Code Pink is gloating on Twitter.
In his winery nestled in the rocky red hills of the central West Bank, Amichai Lourie prepares a shipment of award-winning vintage destined for the American market. On the labels, which carry Laurie’s signature, the winery clearly states that the product is “Made in Israel.”
In fact, Lourie’s wine comes from territory occupied, but never annexed, by the Jewish state. Nevertheless, “For many people, when you buy wine from Shiloh Winery, you are buying from the heart of Israel,” Lourie explained, alluding to the historic claims many in Israel make for the West Bank. “The reason why I say ‘Made in Israel’ is because it is made in Israel. That is it.”
But that is not how American law sees it.
According to an April 1995 U.S. Customs and Border Protection notification, products made in the West Bank or Gaza “shall be marked as ‘West Bank,’ ‘Gaza,’ or ‘Gaza Strip’… and shall not contain the words ‘Israel,’ ‘Made in Israel,’ ‘Occupied Territories-Israel’ or words of similar meaning.” Moreover, it states, “Failure to mark an article in accordance with the requirements…shall result in the levy of a duty of 10 percent” of the product’s value.
Responsibility for complying with this rule, which stems from a law passed by Congress in 1995, rests with the exporter and with the company importing the goods in question into the United States for distribution.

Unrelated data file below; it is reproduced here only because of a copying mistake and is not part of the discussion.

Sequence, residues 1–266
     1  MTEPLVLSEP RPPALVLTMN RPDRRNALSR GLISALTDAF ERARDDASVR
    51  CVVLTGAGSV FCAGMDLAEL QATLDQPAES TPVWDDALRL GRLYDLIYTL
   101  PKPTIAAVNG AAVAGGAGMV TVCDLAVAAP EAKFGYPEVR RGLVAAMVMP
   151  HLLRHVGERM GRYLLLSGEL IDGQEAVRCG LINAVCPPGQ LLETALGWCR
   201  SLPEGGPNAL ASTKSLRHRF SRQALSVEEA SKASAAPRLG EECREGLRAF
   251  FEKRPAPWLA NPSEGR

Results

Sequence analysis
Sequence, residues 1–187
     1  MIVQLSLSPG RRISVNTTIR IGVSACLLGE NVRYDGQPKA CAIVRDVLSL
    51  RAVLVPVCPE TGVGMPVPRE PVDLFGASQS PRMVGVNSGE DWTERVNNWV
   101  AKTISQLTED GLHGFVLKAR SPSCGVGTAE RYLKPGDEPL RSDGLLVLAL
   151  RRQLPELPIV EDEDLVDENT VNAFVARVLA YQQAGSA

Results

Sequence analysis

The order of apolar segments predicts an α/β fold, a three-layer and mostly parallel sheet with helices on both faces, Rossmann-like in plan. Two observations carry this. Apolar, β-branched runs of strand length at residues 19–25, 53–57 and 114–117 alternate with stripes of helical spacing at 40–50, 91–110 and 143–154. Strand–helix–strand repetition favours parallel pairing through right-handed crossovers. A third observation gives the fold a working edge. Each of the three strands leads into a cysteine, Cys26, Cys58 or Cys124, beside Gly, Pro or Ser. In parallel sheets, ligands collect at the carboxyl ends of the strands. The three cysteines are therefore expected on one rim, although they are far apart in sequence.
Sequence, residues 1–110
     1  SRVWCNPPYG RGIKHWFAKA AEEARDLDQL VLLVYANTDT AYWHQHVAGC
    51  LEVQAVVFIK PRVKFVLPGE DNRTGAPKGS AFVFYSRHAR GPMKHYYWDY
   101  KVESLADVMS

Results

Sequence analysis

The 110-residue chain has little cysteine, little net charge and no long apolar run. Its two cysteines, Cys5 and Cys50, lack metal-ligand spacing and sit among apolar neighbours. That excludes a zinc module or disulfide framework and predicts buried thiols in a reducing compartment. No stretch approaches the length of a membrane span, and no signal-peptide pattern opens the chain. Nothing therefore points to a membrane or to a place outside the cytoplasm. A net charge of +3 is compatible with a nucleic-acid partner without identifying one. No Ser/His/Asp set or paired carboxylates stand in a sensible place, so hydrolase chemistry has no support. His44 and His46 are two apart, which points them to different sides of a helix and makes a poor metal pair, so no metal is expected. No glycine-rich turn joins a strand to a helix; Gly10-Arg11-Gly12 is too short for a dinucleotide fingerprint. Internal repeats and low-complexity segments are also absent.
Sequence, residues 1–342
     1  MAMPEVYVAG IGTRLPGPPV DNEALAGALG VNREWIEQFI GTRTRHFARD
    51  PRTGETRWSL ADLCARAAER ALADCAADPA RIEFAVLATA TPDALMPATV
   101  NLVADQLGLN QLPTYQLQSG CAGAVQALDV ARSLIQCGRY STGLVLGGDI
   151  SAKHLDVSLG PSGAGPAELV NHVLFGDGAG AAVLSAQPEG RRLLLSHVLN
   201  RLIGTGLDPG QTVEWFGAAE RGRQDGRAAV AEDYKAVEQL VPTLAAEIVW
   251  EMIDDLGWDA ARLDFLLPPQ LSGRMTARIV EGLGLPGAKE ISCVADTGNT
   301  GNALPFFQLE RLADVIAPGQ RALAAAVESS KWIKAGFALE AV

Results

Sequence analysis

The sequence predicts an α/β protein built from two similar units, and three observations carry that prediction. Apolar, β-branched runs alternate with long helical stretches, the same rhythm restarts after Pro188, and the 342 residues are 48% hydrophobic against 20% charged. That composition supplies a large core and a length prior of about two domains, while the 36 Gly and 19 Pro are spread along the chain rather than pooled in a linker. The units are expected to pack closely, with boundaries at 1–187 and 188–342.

Yet when asked if he had heard of the American regulations on labeling, Lourie said, “I know nothing about that.” And indeed, when products from Lourie’s Shiloh Winery reach the shelf of a suburban Maryland kosher supermarket some 5,000 miles later, the 2012 chardonnay boasts its Judean Hills origin with a “Product of Israel” label as it rests at the center of the store’s kosher wine aisle.
Even as Israel and many of its supporters decry new European Union rules that require clear labeling for products made in exclusively Jewish West Bank settlements, few are focusing on this American regulation — and for understandable reasons: Though it has been on the books for two decades, the law on which this Customs regulation is based appears to be barely enforced, if at all.
But this may about to change. After 20 years during which the rule rested practically dormant in the Federal Register, Customs, without providing any explanation, issued a reminder on January 23 about it, reiterating the prohibition on marking West Bank products as being made in Israel.
“The purpose of this message is to provide guidance to the trade community,” the Customs note, posted on the agency’s on-line announcement board, states. The note also observes that its reminder “in no way supersedes prior rulings or regulations, nor does it impose additional requirements” on products from the West Bank, Gaza or Israel.